Several weeks ago, I was talking with Marat Safran Foer when the conversation somehow managed to snare us into a trap. You know that sort which involves God and a socially relevant topic? Yes, that sort of trap. The RH Bill trap, specifically.
I know I could never have won that row because I have not read the full text of the bill and Marat knew that I was merely parroting “party-line” arguments the whole time. It embarrasses me now the way poor Krip Yuson must have felt when he admitted to petty plagiarism.
Luckily, I am not Krip Yuson and I can make up for my sheer lack of originality. I read the full text of the final consolidated House Bill 4244. Then I gave myself time to think about it and realized that the bill is truly more than just contraceptives and the word of… God.
If ever I find myself again in the middle of a blood-boiling debate about why I support the passing of the RH Bill, I think I would be ready to do better. Here’s why:
The RH Bill addresses the lack of adequate public reproductive health services. According to a 2008 survey, less than half of births in the Philippines occur in health facilities. The same survey also reveals that 36 percent of births are assisted by a traditional attendant or ‘hilot.’ (I am not terribly good at Math, but I do know 36 percent means around “1 out of 3.”)
Under the RH bill, the Department of Health will assist local government units (LGUs) in employing an adequate number of midwives to achieve a minimum ratio of at least one skilled attendant for every 150 deliveries per year (Section 5). Also, LGUs shall establish or upgrade hospitals with adequate and skilled personnel, equipment, and supplies for emergency obstetric care (Section 6).
Currently, the World Health Organization (WHO) estimates that complications occur in 15 percent of pregnancies, while 11 women die of childbirth every day. The availability of more skilled medical professionals and wider public access to medical facilities and services will surely be a step toward addressing this reality.
The RH Bill upholds the sanctity of life. Pardon the religious cliché, but according to the 2008 National Demographic and Health (NDH) Survey, those who do not use contraceptives make up 68 percent of unintended pregnancies. By providing access to family planning methods, the RH Bill hopes to ultimately curb the number of abortions.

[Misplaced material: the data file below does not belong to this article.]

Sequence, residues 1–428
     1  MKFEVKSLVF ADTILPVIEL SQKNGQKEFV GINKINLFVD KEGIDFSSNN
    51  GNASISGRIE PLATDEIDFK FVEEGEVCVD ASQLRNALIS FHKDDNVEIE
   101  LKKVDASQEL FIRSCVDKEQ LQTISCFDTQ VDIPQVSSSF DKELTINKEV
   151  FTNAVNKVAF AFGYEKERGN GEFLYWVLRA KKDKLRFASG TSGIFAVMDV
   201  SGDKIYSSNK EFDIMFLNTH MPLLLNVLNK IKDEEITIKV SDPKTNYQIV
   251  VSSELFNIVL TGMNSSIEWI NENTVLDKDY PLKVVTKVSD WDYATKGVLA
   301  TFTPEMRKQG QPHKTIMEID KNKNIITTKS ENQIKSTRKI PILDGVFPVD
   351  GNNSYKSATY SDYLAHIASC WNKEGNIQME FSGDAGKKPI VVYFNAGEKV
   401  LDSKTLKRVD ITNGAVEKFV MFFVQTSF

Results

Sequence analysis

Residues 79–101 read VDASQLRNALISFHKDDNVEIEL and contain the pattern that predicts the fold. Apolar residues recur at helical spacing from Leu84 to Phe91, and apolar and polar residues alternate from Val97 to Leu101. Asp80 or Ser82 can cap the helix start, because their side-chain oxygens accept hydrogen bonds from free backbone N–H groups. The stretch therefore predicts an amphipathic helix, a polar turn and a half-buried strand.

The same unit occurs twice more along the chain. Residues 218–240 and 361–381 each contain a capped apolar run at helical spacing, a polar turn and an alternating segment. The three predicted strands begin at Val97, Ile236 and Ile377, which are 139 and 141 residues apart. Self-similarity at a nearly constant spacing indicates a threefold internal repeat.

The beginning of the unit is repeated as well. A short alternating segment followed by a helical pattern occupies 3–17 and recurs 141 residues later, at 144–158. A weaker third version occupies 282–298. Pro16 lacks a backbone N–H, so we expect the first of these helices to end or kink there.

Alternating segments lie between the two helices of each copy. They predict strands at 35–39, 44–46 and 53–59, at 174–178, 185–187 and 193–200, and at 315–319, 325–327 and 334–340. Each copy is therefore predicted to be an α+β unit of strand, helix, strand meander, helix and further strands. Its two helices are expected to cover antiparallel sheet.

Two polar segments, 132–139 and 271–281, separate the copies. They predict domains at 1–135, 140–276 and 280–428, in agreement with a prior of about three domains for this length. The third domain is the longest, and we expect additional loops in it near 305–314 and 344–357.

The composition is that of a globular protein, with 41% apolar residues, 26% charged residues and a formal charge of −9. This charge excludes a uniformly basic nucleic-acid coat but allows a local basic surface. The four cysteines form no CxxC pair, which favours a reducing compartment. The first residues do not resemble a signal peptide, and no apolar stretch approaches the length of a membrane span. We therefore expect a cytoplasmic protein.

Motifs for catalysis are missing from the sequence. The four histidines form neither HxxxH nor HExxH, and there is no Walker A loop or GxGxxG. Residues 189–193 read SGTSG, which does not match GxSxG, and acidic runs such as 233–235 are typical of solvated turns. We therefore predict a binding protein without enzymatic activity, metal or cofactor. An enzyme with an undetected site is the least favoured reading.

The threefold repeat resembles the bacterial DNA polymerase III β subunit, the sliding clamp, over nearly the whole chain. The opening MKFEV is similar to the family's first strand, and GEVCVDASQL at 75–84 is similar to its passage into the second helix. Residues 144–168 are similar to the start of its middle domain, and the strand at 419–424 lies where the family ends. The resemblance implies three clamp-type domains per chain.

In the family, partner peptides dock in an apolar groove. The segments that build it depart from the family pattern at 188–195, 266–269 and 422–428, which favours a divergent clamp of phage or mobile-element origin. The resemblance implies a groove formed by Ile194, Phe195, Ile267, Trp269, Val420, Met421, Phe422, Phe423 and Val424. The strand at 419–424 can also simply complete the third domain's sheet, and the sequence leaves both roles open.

Also, family planning methods will help parents to decide the right time for them to have another child. According to the WHO, at least two years should pass between births to reduce the risk of infant deaths.
The RH Bill will educate and prepare the youth. Section 16 of the bill requires that appropriate reproductive health and sex education be integrated in all relevant subjects from Grade Five to Fourth Year High School.
I remember that when I was in Grade Five my science teacher did a little lesson on teenage pregnancies. I am sure now that it was not in the prescribed lesson plan, but she must have done the right thing, because none of my classmates then got knocked up before college. I might be grossly mistaken but an incident like that would not have escaped Facebook. You know what I mean.
The RH Bill promotes gender and social equity. According to the 2006 Family Planning Survey, 2.6 million Filipino women would like to plan their families but they lack in information and access to do so. The same survey also shows that 44 percent of births among the poor are unwanted.
In the 2006 Family Income and Expenditure Survey, the poorest families spend only 1.7 percent of the household income on medical care, while the richest families spend 4.0 percent.
Under the RH Bill, poorer couples will have a better opportunity and means to decide how many children they want and can raise. Women would also have more opportunities to advance their education and more time for productive work, since they would be able to plan when they will have children.
Finally, the RH Bill reinforces the right to know and the right to choose. Given adequate and accurate information, we can make sensible decisions that are best for us. By providing access to information and a set of viable options, the RH Bill would let us freely exercise this capacity to know the alternatives and choose wisely and—for devout Catholics—with a clear conscience.
That seems fair enough. And that definitely does not sound bad at all either, does it?